Abu Dhabi charter firm looks toward management
The rapid growth of Abu Dhabi-based executive charter group Royal Jet paints a vivid illustration of the pace of business aviation expansion in the Middle East. The company started life just two years ago with a single Boeing Business Jet and its fleet has since grown by three more BBJs, two Gulfstream 300s and a Bombardier Challenger 300.
Royal Jet sees aircraft management contracts as a key growth path for business aviation in the Middle East. To wit, next month it starts managing a BAE Systems Avro RJ70 jetliner for a private client, who will offset some of his costs by allowing Royal Jet to use the airplane for charter flights. Next, the company plans to add three more aircraft to its charter fleet by early next year. However, as of early October, it had still not confirmed its final choices.
Royal Jet has also opened a sales office in Jeddah, Saudi Arabia, as well as in Dubai and Kuwait. The company started in May 2003 as a joint venture between Abu Dhabi’s head-of-state Amiri Flight and local charter operator Abu Dhabi Aviation, which focused then on helicopter services.
Company sales and marketing vice president Ammar Balkar told Aviation International News that the company is now booking charter flights not only within the Middle East, but also into Europe, Russia and Asia.
A relatively new concept in the Middle East, private aircraft charter should benefit from an expected economic boom and political stability in Gulf states like the United Arab Emirates (including Abu Dhabi and Dubai). Royal Jet projects a 10-percent growth in demand for private charter service over the next five years. The company estimates that 300 business aircraft will operate in the Gulf Cooperation Council (GCC) states by the end of the year. The GCC includes the UAE, Saudi Arabia, Bahrain, Oman, Qatar and Kuwait.
“Private aircraft charter is one of the industries that will benefit the most from this region’s prosperity,” commented Balkar. “The more stability you have the more broad investments are established, which means people have to be more mobile. Aircraft chartering will eventually become a necessity in the region’s travel habits.”
The new Challenger 300 arrived and started operating in mid-August. While it considers the BBJ best suited to heads of state, royalty and business elites traveling on transcontinental long-haul flights, Royal Jet sees the Challenger as “an excellent vehicle for business elites with scheduled regional meetings and short excursions within the GCC and Middle East, Central Asia and the Indian subcontinent.”
Royal Jet can reconfigure its aircraft to suit the customer’s needs within two and a half hours of confirming availability. For instance, each G300 seats a maximum of 12 passengers, to meet the needs of businessmen, small groups and families.
Last year Royal Jet aircraft logged 3,920 flying hours. This year, through the end of September, it had already flown 3,498 hours. Based on those trends, Balkar sees continued double-digit growth in the Middle East charter market. Flights for international companies needing transportation in the Middle East now account for around one-third of its bookings.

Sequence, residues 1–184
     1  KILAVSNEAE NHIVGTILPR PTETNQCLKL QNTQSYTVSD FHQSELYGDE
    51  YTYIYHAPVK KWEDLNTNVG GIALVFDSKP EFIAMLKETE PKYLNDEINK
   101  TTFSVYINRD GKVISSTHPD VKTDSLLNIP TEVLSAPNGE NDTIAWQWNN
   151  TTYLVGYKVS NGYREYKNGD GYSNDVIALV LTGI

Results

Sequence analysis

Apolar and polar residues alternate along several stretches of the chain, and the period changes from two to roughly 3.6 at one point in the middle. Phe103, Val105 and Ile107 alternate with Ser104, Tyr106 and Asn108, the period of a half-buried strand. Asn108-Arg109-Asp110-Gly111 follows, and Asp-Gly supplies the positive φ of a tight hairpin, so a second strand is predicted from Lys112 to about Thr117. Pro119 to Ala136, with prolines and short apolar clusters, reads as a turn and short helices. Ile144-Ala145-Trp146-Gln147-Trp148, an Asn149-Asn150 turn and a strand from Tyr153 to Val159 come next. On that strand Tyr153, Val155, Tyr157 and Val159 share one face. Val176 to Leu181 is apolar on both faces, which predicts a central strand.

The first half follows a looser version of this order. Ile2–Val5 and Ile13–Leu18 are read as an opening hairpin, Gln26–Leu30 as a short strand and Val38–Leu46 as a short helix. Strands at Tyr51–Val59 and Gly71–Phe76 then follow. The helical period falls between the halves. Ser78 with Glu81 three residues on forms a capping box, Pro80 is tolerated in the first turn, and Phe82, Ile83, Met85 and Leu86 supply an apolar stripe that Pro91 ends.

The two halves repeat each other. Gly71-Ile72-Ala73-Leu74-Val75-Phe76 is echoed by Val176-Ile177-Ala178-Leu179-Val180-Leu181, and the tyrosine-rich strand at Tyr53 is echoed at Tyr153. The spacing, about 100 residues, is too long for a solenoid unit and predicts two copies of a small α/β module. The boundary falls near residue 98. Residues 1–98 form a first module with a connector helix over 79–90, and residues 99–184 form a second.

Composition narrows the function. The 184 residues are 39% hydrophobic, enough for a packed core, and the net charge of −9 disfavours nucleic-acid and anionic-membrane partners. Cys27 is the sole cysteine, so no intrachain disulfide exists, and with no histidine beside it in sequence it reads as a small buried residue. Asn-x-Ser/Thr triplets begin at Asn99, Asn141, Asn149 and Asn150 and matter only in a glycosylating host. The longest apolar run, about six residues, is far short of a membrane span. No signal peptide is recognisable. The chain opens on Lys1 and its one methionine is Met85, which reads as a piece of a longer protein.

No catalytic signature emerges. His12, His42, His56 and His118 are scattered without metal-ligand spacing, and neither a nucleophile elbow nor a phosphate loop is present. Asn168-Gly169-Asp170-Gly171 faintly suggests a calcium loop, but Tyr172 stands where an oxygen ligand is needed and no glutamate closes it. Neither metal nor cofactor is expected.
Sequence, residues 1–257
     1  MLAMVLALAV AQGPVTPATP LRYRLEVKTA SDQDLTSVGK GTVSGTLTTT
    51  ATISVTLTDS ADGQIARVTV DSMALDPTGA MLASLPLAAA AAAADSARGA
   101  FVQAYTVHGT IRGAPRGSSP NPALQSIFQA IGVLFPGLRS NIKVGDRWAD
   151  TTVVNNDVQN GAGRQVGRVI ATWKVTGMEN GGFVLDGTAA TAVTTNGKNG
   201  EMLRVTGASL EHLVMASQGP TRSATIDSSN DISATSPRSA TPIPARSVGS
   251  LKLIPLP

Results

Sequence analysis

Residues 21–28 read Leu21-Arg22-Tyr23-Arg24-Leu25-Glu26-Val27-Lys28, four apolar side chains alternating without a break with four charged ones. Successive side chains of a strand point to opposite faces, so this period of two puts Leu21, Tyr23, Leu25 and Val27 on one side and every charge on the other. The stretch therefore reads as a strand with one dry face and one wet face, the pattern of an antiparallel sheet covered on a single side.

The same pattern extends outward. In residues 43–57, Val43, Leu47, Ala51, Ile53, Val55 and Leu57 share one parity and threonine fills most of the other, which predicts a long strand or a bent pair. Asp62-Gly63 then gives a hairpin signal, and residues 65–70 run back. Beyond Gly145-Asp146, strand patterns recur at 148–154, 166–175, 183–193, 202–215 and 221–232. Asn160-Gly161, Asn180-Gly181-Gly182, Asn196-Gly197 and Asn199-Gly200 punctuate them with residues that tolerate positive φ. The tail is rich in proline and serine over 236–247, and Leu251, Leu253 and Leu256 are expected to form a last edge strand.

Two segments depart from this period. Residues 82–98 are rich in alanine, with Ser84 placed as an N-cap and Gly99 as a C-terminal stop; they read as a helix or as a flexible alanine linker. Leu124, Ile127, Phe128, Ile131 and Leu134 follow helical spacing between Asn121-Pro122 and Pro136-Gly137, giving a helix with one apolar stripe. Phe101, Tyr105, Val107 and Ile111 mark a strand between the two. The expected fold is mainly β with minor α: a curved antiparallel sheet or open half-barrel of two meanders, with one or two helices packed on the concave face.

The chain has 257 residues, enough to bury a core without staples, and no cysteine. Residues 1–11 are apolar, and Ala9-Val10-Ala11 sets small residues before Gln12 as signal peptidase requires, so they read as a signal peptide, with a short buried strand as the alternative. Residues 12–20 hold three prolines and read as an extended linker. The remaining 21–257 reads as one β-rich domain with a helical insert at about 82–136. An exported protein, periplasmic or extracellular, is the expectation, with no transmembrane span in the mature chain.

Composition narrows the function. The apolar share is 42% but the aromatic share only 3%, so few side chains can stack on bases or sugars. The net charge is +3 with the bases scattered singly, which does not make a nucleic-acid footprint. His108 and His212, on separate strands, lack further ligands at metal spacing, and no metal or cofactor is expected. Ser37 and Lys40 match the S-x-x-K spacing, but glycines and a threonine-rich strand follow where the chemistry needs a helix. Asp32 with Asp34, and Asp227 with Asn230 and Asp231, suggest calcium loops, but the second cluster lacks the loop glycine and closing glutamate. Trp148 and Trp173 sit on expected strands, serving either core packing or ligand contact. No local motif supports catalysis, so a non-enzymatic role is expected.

Royal Jet has reaped tremendous flexibility benefits from the BBJ’s 120-minute ETOPS certification issued by the UAE General Civil Aviation Authority last June. The regulations normally allow a charter airline no more than a 60-minute clearance for ETOPS (extended twin-engine operations) on its entry into service. Authorities will grant ETOPS-90 authorization only after one year of trouble-free ETOPS-60 experience. Operators usually can apply for ETOPS-120 clearance only after another year. However, because of Royal Jet’s safety records and operational standards, the company gained the ETOPS-120 rating without having to apply for the ETOPS-90.
“We are very proud of this unique achievement,” said Royal Jet chairman HH Sheikh Hamdan Bin Mubarak Al Nahyan. “With the ETOPS-120 certificate, Royal Jet can offer a more direct and unique service to our clients who will be using the BBJ for isolated and cross-Atlantic destinations.”
With its new clearance, Royal Jet can fly nonstop to Indian Ocean destinations such as the Seychelles and Maldives islands, as well as directly across Central Africa and the South Atlantic. “Added advantages will include planning alternative flight routes with a more direct approach, bypassing countries that can take more time obtaining flight clearances and possibly even reducing flight times to certain destinations,” explained Balkar. The company now aims to obtain a 180-minute ETOPS clearance within the next year.
Royal Jet has equipped its air ambulance division, Royal Med, with advanced medical equipment and a full-time team of doctors and nurses. It lays claim as the only licensed medical evacuation and repatriation operator based in the Middle East. The company is considering buying a new, fully equipped medevac aircraft to better support the business segment, which accounts for around 45 percent of its revenue.
Master plans for an expansion and redevelopment of Abu Dhabi International Airport call for Royal Jet to establish and operate a new purpose-built FBO from a separate VIP terminal.